By Doug Ramsey
Calit2 participant and Computer Science and Engineering professor Mihir Bellare got some great news today. A dozen years ago Bellare was one of the inventors of the Keyed-Hash Message Authentication Code (HMAC), a crypotology algorithm for use when message authentication is required. After a long process and a series of new proofs published by Bellare in 2006, the National Institute of Standards and Technology (NIST) proposed last year to make HMAC a standard for data communications security, and today it became effective -- with the publication of a notice in the Federal Register.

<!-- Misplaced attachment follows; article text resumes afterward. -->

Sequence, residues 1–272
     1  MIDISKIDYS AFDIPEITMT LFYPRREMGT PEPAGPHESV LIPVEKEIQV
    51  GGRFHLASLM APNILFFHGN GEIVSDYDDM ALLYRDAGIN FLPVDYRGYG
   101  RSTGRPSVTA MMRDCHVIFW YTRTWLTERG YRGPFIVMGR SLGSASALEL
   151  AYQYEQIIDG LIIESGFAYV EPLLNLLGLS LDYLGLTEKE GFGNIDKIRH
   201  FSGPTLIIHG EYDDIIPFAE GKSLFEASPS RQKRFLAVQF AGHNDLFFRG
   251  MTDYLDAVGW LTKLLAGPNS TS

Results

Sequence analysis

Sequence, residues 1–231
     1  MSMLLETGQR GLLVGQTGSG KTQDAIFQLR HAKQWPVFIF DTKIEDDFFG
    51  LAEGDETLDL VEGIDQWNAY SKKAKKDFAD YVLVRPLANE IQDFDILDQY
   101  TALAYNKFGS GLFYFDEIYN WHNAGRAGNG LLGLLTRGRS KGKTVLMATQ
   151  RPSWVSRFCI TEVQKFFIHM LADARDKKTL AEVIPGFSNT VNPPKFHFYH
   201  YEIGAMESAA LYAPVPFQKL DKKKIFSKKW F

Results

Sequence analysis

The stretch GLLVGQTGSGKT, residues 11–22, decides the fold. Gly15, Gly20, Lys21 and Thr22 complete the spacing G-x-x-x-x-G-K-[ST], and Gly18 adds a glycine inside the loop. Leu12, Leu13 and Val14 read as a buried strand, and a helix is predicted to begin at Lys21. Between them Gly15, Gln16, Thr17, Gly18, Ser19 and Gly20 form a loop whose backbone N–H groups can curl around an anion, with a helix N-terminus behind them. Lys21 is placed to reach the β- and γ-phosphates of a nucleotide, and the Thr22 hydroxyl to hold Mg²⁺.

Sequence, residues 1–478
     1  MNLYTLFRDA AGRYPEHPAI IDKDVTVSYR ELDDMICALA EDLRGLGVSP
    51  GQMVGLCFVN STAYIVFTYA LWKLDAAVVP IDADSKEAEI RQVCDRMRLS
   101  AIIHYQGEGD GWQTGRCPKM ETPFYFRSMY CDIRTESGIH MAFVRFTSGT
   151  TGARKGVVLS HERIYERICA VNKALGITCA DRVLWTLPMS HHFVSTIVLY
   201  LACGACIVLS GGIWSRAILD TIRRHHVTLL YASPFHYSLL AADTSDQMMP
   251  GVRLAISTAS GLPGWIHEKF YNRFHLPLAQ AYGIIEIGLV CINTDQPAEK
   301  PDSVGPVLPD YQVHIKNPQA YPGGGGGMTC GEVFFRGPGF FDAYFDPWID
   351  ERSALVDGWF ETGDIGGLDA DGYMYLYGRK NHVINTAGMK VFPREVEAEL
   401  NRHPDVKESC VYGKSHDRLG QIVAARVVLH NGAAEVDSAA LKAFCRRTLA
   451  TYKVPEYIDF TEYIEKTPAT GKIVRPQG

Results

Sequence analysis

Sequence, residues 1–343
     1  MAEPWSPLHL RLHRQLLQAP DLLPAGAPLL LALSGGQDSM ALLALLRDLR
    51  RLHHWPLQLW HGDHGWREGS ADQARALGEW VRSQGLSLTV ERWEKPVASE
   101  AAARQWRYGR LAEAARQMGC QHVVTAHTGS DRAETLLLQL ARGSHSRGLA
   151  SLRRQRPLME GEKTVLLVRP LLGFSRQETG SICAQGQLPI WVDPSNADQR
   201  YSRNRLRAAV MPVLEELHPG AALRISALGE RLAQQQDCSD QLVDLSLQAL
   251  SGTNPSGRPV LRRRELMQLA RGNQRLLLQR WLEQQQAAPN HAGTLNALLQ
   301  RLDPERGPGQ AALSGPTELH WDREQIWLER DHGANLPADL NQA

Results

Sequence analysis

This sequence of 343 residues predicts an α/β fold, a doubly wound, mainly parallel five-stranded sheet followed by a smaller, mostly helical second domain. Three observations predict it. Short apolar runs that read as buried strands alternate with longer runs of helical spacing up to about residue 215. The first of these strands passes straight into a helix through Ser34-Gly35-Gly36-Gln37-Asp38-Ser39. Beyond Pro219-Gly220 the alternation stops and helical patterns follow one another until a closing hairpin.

The story was picked up today by William Jackson, writing in Government Computer News ("New version of FIPS hashing standard approved"). According to Jackson, "The Message Authentication Code uses a secret key that is shared with the intended recipient. The sender uses the key to produce a hash, or message digest, unique to the message being sent. The recipient uses the same key to produce a hash of the message being received. If the hashes match, the recipient can be sure that the message has not been altered and that it came from the other holder of the key." Bellare joint the UCSD Jacobs School of Engineering in 1995 from the IBM T.J. Watson Research Center. He got his Ph.D. in 1991 from MIT.